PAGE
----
The arrival of 4000 symbols, revolution or chaos?

Remember. It’s 2017, and Twitter decides to double the size of posts. No more than 140 characters – according to the maximum length of the SMS – hello 280 characters. Netizens are lost and crying foul (okay, yes, we’re exaggerating a bit). Five years later, the drama is quickly forgotten, and no one is against this change. But resentment can quickly return. In a short reply to a user, Twitter’s new CEO Elon Musk confirmed that he will increase the size of posts to 4,000 characters, which is almost the equivalent of an article. 20 minutes.

Stephanie Laporte, founder of the Otta agency and program director of digital communications at Inseec, believes that after paid certification, mass layoffs and reduced moderation, this new functionality “could be an additional nail in Twitter’s coffin.” With good reason, the multibillionaire could “damage the soul of Twitter” by significantly increasing the length of tweets, the expert warns.

Toward a multitasking network?

Because it is this microblogging spirit that has made the bluebird company successful. “Twitter is an exercise in compactness and synthesis. We have information in one or two lines,” explains Stephanie Laporte. For those who want to decipher a slightly longer topic, there are now very popular topics used by scientists, especially during the coronavirus epidemic. “Some threads today are a few thousand characters long, it’s true, but they’re rare, it’s not a central functionality of Twitter,” he adds.

According to the expert, the new head of “Twitter” intends to turn the platform into a “meta social network, a multi-purpose platform” with longer published content. Twins of Facebook in a way. “But if you want to develop a point, there’s LinkedIn, Facebook or even blogs. On the other hand, Twitter should remain a common place where you can quickly learn about information,” warns Stephanie Laporte. Because, in his opinion, it is this multifaceted aspect that led to the decline of Facebook: “On the contrary, Instagram was reduced to using only photo and video sharing, which did not drown in the ocean of possibilities.”

The risk for Twitter is losing some of its users. First, the new generation, which, according to the expert, is “hostile to extensive content”, as well as its historical audience, adds to this spirit of compactness. “If we see the wall of text coming, it could have a negative impact on both generations,” continues Stephanie Laporte. Especially since this feature can also disrupt the way users “swipe”: “It won’t fit the mobile format, the text will take up the entire screen. Inevitably, there will be less user retention,” he continues.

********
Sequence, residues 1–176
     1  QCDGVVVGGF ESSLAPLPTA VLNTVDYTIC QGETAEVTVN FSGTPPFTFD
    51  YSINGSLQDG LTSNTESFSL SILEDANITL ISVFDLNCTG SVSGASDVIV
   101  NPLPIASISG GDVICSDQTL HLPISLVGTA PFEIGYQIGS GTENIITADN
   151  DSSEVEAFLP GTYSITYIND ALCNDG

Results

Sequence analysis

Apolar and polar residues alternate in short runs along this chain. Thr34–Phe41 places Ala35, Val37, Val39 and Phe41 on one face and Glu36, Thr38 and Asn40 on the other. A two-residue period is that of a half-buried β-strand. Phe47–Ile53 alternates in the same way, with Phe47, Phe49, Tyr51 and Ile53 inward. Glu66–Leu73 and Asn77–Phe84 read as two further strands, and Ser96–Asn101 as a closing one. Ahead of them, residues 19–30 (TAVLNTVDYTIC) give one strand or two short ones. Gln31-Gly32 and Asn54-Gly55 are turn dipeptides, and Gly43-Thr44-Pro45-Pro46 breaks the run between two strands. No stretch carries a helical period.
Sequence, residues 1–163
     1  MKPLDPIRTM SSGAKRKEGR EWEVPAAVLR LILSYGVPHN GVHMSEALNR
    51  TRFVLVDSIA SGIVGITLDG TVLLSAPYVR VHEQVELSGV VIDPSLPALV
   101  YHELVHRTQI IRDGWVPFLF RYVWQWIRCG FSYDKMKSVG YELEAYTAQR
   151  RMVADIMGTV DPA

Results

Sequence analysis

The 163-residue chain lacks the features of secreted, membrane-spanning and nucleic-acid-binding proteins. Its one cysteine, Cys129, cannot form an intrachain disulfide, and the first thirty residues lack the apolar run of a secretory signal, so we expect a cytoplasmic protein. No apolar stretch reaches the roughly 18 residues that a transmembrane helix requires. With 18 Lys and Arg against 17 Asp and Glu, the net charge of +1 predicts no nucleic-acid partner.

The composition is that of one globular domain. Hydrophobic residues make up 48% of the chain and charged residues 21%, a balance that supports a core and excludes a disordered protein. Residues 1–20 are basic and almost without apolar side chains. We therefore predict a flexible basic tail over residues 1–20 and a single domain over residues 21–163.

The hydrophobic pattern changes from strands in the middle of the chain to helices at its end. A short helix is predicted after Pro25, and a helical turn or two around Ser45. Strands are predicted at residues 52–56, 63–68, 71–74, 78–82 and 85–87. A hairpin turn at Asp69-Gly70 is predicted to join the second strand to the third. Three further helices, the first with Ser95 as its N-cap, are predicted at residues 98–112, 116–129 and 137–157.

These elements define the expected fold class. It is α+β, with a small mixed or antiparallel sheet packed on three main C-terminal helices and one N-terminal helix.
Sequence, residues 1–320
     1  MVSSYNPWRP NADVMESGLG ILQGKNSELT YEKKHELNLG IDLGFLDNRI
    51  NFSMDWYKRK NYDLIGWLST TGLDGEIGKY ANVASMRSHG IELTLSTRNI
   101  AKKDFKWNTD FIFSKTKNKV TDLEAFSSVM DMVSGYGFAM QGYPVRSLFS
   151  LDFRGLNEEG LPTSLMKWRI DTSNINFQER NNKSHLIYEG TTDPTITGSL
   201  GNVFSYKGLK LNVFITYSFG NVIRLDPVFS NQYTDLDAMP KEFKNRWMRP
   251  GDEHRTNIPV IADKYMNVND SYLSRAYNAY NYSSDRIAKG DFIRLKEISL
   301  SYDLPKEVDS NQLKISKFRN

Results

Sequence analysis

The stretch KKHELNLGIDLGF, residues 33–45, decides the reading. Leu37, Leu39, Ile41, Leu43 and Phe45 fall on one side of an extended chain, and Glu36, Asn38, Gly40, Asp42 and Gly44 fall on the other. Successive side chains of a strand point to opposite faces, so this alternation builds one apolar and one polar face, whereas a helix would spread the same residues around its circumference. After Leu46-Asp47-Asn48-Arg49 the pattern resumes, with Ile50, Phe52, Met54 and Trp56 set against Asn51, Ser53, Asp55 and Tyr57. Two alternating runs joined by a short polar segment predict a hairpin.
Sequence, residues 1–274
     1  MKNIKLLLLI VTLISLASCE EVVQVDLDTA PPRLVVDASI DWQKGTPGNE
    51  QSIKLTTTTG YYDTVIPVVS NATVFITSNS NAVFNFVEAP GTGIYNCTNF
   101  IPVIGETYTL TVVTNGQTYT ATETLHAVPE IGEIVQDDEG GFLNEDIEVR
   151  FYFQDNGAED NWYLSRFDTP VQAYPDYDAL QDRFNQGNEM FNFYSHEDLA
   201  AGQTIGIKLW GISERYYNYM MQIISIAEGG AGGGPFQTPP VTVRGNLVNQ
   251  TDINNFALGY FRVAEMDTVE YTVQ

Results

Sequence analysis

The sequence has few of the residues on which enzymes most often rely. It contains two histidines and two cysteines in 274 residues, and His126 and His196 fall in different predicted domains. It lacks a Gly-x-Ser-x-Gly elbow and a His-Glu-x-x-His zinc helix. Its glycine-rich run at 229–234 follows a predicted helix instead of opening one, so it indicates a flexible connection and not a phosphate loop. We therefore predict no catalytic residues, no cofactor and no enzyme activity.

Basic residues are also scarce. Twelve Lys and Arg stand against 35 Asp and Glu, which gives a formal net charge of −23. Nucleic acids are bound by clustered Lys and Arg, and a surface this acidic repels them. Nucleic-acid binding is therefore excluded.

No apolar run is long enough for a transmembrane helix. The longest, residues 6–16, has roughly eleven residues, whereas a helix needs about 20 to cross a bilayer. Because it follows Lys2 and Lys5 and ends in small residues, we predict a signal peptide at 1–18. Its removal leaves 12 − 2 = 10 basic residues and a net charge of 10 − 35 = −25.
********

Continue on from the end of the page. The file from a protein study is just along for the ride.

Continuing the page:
While the feature isn’t live yet, Twitter designer Andrea Conway has already shared the first mockups and provided a preview of how posts might look. Posts will display the first 280 characters – the current limit – and then a “see more” button to view the full text.

Posts with 4000 characters can look like this.
Posts with 4000 characters can look like this. – Screenshot of Andrea Conway’s tweet

Moderation difficulties

Another danger is moderation. It could still get worse with this new feature, which has been a major concern since the arrival of Elon Musk. “Now that there’s less staff and we’re going to increase the length of tweets by a factor of twenty, the amount of moderation is going to be horrendous,” worries Stephanie Laporte.

With moderation problems comes the fear of disinformation. Because with 4000 characters, some users could post partially duplicated articles or fake news. The expert cautions that others may put sensational information at the beginning – the first 280 characters – to “ultimately offer weak content in a long text”. “It can be confusing and hurt the quality of the content,” he adds.

Nevertheless, Elon Musk’s idea does not come out of nowhere, meeting the needs of some users. When browsing Twitter, it’s not uncommon to come across a tweet that includes a screenshot of a note like Kylian Mbappé’s below.

Unlike the threads used by experts – scientists, doctors, journalists, this trick is used more by public figures. There is also a site for sending messages over 280 characters: TwitLonger. Here, at 4,872 characters, this article already looks a bit like a Twitter 2.0 post.

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